The Ghana Education Service (GES) has adopted the Musama School of Music and Cultural Studies at Mozano in the Gomoa West District of the Central Region.
The adoption would help the development of the school to produce music teachers for the basic schools.
Ms Naana Biney, Director-General of the GES announced this at the graduation of 16 students from the school after three years of studies.
The Musama School of Music and Cultural Studies was founded by the Musama Disco Christo Church (MDCC) in 1965 to train and provide music teachers for the church’s choirs, but became defunct after some few years.
Rev H.K. Baah, the current Director of the School reactivated it in 1981 after returning from the then Music Specialist College at Winneba, now University of Education, Winneba.
Ms Naana Biney said the decision to adopt the school was informed by the fact that there is no music school in the country producing teachers to teach the subject in basic schools.
“If the Musama School of Music is adopted and developed to produce teachers for the basic schools, then the University of Education Music Department could also train teachers for the secondary and tertiary schools.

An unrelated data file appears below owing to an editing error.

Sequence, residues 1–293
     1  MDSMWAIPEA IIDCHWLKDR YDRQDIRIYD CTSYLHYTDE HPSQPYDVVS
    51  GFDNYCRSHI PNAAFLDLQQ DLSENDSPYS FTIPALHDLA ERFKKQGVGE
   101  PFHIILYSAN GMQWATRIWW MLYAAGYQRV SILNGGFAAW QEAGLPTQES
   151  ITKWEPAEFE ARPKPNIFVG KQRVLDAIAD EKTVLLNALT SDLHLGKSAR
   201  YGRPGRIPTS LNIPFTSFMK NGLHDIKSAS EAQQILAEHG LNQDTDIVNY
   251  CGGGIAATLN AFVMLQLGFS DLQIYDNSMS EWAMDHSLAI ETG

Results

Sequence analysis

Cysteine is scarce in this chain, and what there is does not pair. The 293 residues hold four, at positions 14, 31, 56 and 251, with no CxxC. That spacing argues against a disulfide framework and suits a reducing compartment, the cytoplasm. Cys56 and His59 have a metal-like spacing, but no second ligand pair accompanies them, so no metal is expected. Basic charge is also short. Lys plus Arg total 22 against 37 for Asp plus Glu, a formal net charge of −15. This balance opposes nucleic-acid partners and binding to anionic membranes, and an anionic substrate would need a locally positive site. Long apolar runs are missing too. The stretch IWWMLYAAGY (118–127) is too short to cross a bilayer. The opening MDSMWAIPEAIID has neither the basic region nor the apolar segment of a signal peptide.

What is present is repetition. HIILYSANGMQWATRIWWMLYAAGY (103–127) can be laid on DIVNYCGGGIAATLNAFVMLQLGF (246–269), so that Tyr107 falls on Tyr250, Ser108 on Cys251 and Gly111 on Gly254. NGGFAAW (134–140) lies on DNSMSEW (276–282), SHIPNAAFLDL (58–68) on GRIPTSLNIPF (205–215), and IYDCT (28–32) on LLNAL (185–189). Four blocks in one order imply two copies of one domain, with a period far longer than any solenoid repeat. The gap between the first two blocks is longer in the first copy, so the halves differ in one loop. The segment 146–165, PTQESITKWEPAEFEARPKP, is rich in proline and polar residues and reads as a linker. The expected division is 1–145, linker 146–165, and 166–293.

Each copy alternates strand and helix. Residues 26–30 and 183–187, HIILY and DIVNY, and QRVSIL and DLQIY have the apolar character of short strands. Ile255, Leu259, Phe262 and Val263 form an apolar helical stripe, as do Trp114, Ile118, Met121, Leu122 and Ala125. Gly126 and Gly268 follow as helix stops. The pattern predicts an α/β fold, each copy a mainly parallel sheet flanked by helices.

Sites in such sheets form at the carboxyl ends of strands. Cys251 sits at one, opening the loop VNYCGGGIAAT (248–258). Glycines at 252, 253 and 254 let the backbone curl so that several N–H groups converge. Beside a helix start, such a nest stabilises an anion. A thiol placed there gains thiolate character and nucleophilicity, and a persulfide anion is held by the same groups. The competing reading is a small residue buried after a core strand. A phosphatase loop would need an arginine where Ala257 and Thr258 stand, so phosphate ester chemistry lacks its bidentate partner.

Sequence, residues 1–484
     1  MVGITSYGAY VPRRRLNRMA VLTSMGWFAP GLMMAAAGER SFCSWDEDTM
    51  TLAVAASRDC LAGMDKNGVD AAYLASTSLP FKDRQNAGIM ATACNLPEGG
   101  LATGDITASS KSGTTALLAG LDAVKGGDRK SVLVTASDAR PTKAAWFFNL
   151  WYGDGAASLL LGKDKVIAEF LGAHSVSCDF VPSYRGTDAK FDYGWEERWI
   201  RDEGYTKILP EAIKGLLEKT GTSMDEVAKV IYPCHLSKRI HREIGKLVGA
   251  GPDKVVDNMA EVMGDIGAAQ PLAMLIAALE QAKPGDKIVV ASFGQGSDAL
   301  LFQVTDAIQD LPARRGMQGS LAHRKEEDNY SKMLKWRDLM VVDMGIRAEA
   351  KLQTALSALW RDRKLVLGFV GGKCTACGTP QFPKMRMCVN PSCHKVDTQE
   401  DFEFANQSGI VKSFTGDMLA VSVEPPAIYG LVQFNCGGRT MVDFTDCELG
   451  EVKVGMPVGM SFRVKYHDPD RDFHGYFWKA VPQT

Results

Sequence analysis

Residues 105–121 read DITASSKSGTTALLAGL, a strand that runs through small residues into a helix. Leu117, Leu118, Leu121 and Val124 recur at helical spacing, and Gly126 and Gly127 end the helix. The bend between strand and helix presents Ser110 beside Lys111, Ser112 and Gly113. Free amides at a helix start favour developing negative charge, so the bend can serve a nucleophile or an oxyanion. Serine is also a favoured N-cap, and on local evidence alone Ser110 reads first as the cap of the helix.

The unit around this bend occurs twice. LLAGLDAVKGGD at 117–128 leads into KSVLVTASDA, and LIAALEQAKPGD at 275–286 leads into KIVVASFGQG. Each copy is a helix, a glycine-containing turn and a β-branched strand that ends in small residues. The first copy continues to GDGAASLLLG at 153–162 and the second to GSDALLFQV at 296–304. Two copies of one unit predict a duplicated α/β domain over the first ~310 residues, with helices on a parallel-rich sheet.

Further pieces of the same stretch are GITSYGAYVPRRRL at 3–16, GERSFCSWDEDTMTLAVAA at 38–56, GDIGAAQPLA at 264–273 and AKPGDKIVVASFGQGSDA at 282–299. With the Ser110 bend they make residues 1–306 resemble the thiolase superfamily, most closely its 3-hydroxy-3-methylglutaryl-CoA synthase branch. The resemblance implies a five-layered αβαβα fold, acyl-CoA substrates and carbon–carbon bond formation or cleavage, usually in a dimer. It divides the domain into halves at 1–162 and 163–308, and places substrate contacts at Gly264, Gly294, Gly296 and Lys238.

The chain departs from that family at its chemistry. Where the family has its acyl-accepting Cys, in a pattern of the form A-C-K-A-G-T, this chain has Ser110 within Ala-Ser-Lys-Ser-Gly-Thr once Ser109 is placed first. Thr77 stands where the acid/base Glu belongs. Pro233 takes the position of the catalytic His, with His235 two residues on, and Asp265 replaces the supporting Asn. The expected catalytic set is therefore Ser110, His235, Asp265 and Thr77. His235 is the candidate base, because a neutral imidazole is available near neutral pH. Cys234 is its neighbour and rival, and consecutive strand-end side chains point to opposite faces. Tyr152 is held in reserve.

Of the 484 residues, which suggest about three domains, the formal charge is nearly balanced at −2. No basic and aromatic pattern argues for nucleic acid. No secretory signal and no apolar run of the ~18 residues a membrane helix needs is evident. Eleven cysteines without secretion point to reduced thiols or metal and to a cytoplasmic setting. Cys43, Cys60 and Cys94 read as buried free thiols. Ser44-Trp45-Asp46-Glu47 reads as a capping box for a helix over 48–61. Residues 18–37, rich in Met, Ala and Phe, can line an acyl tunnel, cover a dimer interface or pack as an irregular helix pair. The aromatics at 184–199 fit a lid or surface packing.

“Music will die a natural death if serious efforts are not made to produce teachers to handle it,” the Director-General said.
Ms Biney appealed to Ghanaians not to look down on specialist subjects such as music, fine arts and physical education.
She commended the MDCC for operating the school single-handedly all these years and promised that a team of inspectors from the Inspectorate Division of the GES would soon visit the school to assess its requirements.
Nana Obokomattah IX, Chief of Gomoa Dasum and the Amankorahen of Gomoa Akeympim Traditional Council commended Rev Baah for the good works towards the school and the church.
Rev Baah said the greatest challenge facing the school is lack of instruments for teaching and learning and appealed to individuals and organisations to help reverse the situation.
The 16 graduates are made up of seven females and nine males.
The external examiners, who supervised their work, were from the Music Department of the University of Ghana, Legon.
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